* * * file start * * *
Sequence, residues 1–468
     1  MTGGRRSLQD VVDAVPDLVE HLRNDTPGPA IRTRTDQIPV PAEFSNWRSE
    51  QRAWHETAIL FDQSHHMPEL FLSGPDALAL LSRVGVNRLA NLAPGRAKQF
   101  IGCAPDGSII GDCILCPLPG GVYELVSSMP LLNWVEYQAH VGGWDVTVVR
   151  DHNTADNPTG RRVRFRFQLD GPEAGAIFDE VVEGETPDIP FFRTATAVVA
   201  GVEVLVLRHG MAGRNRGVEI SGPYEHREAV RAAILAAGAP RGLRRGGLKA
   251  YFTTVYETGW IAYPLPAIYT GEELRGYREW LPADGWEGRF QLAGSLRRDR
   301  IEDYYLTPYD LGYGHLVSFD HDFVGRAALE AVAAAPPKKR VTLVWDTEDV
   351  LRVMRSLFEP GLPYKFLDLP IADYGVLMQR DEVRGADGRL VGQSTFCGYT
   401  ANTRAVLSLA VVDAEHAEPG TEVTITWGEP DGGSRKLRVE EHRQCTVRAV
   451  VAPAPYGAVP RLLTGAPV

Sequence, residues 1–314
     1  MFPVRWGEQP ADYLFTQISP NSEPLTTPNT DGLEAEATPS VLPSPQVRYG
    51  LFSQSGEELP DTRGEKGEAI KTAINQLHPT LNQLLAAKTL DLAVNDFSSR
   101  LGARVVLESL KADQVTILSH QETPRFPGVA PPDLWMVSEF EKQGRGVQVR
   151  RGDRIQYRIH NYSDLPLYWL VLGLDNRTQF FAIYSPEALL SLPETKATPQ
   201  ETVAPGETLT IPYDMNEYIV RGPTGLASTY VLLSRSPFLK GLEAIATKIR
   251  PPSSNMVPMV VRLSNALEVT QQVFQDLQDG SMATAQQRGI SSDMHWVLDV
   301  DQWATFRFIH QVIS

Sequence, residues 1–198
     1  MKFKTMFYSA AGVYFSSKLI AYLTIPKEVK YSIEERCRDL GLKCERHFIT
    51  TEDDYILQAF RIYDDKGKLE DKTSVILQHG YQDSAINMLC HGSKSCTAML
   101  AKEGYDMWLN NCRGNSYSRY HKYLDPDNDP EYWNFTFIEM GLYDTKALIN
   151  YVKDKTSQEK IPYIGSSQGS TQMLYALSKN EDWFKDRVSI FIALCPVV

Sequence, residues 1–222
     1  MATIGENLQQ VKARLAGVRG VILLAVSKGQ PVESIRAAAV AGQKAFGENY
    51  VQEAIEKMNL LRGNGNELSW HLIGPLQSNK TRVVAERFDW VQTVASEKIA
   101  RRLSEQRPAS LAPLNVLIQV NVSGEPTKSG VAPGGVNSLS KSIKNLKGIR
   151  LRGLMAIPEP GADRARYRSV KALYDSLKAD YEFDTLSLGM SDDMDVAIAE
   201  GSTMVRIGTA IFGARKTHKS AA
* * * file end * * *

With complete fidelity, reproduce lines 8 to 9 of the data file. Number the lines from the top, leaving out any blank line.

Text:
   301  IEDYYLTPYD LGYGHLVSFD HDFVGRAALE AVAAAPPKKR VTLVWDTEDV
   351  LRVMRSLFEP GLPYKFLDLP IADYGVLMQR DEVRGADGRL VGQSTFCGYT